Advice on router table type

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Forum topic by Eric posted 02-03-2011 11:00 PM 1101 views 0 times favorited 4 replies Add to Favorites Watch
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51 posts in 2504 days

02-03-2011 11:00 PM

Topic tags/keywords: question tablesaw router

I have a shop that ~390 square feet.
I received a router lift for christmas.
So, question: Should I build a router table into right side of my Delta Unisaw or should it be a stand alone table?
Building it into the right side of the table saw, I would have to ditch the draw with blade and safety add-on storage.
I am looking for pros and cons to both ideas.


-- Eric "That's all very well and human, but when will you stop having to apologize and start doing your very best you can? When will you begin?"

4 replies so far

View Cosmicsniper's profile


2202 posts in 2576 days

#1 posted 02-03-2011 11:05 PM

Do you have a left-tilting Unisaw, Eric? I use a left-wing Benchdog extension on my right-tilting Unisaw. Absolutely love it!

-- jay,

View GMman's profile


3902 posts in 3115 days

#2 posted 02-03-2011 11:35 PM

Make your own they are the best, you built it the way you want it.
Very easy to build, lots of plans available.

View live4ever's profile


983 posts in 2427 days

#3 posted 02-03-2011 11:36 PM

Really comes down to space.

The advantages of a standalone table are:

- You can have a lot of dedicated router storage nearby for accessories. I find this particularly useful if your fence system (e.g. Incra) has a lot of parts.

- You can control some of the noise of the router by enclosing it in the cabinet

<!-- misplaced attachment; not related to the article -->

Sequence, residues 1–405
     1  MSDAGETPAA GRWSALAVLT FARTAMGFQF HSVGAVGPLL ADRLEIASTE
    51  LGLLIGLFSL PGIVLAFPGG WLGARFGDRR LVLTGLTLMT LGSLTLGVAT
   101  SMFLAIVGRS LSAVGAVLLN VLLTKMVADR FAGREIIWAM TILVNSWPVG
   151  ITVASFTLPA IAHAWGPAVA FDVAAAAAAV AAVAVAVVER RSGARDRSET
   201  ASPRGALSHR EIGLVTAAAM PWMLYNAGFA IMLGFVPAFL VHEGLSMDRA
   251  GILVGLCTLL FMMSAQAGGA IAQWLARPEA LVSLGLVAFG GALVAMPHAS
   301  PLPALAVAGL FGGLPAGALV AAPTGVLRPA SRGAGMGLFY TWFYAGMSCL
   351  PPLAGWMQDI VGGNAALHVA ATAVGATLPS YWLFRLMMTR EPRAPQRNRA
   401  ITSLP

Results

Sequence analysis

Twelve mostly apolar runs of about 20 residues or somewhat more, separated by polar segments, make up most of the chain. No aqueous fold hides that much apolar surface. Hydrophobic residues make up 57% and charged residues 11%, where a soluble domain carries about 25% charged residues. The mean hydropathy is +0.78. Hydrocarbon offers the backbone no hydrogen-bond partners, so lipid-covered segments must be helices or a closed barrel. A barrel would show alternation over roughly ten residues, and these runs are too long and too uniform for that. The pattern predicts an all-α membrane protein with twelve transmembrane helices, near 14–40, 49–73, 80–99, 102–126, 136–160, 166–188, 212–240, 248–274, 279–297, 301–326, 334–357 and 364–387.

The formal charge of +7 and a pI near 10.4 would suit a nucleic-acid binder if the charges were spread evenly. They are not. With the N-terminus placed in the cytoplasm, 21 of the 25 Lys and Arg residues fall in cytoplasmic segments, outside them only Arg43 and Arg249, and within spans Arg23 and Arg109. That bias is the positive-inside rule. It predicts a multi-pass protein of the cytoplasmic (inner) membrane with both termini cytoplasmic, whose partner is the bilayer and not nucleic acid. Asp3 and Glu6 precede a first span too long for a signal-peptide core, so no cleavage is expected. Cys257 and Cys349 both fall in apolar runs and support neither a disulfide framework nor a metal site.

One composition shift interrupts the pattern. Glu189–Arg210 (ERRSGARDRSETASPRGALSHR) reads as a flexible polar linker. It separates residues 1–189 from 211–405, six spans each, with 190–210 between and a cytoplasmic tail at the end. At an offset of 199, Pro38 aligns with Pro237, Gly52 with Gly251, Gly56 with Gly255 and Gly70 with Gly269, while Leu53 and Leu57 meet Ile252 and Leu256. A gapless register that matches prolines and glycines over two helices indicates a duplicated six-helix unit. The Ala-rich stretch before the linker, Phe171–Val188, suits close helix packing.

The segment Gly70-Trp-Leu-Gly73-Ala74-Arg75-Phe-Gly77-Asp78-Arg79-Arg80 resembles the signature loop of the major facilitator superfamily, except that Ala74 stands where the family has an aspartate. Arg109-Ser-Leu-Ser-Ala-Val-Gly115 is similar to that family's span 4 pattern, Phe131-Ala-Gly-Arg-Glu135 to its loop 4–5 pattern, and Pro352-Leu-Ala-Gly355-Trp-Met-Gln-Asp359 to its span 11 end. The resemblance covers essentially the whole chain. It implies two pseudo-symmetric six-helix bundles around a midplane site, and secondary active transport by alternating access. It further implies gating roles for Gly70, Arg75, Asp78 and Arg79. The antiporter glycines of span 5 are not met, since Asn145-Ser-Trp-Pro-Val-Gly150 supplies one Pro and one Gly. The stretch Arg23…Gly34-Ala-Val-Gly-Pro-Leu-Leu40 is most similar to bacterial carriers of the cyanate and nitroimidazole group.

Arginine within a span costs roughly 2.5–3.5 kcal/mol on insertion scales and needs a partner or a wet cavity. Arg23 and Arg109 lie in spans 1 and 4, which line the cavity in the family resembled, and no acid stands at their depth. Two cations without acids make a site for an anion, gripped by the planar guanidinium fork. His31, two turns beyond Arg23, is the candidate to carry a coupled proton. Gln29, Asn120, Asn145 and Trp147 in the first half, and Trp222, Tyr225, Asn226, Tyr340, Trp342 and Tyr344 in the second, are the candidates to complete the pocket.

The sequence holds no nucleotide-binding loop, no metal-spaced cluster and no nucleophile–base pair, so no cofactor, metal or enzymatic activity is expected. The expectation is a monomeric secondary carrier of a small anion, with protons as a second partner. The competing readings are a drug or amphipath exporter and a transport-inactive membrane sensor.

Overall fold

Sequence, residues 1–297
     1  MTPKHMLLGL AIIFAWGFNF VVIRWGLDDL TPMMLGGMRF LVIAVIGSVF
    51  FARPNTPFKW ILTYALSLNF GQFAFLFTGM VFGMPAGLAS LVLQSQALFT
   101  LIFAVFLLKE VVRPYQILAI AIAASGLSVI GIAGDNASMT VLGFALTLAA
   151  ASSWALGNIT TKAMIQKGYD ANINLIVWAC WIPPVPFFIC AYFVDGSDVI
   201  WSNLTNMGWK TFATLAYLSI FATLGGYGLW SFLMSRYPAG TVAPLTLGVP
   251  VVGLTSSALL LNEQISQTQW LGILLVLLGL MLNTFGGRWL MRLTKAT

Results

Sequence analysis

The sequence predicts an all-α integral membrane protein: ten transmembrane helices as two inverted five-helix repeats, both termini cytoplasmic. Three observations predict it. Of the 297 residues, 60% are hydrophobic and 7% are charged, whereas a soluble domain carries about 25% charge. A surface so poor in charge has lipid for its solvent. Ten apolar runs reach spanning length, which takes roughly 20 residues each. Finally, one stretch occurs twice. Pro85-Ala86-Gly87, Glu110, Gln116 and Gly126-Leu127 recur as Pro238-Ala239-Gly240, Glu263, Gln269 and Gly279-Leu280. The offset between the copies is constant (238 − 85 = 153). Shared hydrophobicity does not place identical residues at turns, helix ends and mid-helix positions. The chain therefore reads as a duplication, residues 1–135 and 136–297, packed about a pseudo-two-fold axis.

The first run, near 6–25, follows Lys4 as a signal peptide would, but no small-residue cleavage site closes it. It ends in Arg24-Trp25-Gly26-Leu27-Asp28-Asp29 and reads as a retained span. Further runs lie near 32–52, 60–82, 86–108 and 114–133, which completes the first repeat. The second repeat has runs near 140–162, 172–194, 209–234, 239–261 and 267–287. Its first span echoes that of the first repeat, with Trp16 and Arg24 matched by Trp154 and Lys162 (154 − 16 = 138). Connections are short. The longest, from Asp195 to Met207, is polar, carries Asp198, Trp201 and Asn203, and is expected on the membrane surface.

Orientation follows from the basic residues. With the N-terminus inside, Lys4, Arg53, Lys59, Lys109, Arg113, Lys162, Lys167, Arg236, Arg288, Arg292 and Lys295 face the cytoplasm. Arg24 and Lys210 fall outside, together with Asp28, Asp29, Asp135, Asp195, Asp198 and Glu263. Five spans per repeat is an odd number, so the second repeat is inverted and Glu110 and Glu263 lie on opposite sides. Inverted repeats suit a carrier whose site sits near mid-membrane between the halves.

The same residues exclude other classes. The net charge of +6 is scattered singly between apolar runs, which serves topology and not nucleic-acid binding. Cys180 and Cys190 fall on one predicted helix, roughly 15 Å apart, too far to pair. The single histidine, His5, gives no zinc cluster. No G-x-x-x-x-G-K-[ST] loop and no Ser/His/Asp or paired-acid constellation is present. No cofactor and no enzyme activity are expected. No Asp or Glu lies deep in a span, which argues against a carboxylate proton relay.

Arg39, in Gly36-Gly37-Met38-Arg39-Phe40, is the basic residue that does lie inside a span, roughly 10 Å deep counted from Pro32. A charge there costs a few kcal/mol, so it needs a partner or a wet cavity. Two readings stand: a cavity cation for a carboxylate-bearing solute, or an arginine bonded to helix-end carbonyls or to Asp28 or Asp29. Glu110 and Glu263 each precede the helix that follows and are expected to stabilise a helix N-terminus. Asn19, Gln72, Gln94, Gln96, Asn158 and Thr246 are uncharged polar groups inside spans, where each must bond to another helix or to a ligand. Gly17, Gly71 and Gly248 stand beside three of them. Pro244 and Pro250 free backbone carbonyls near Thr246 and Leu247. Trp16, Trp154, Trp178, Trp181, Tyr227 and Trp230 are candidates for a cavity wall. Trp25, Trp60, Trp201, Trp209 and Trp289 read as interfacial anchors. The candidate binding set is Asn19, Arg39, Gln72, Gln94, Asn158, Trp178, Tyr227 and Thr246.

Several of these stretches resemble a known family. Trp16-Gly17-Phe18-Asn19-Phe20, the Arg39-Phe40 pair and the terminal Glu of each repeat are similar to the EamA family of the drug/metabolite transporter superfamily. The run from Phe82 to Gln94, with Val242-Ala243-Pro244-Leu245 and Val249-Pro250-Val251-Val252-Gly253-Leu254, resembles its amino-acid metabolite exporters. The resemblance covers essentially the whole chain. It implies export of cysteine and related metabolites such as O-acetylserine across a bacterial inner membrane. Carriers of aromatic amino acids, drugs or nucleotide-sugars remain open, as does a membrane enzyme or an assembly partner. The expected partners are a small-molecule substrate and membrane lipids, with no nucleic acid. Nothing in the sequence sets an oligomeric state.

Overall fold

- You can build dust collection into the cabinet and either have a standalone collector (small shopvac in cabinet) or hook up to your main DC system.

- You can stand at any location around the bit.

The disadvantages of a standalone table are:

- Space.

The advantages of an extension table router table are:

- Saves space.

- Probably gives you more workpiece support depending on where you’re putting it. For example, your outfeed surface for your TS may also give you a large outfeed surface for your router. You also have a lot more surface in front of the fence.

The disadvantages are:

- Having to use the same fence for router and TS – maybe you don’t want to change your TS fence position until after you rout something.

- Noise and dust control is a little more difficult – may need to buy or build some sort of box around router

- Depending where you’re positioning the router table on the saw, your standing options and feed directions may be less than convenient:
Right side, end of table: use opposite side of TS fence, feed is reverse of TS, can stand at end of table
Right side, middle of right extension: use same side of TS fence, feed is same as TS, have to stand as at TS
Left side: use same side of TS fence, feed is same as TS, can stand at end of extension

-- Optimists are usually disappointed. Pessimists are either right or pleasantly surprised. I tend to be a disappointed pessimist.

View Cosmicsniper's profile


2202 posts in 2576 days

#4 posted 02-04-2011 12:26 AM

You don’t HAVE to use the TS fence for the extension wing. While I have an Incra TS-LS, and would normally like to use it for both, I don’t have to…I could easily just mount my Benchdog router fence for a quick groove or rabbet. Then again, it’s not that critical with the Incra since I can repeatably get the fence right back where it started. Love that thing!

But really, it depends on the features. Buy something like a Benchdog and it will allow use of a separate router fence. Build something, and you could still utilize a dedicated router fence for such occasions.

-- jay,

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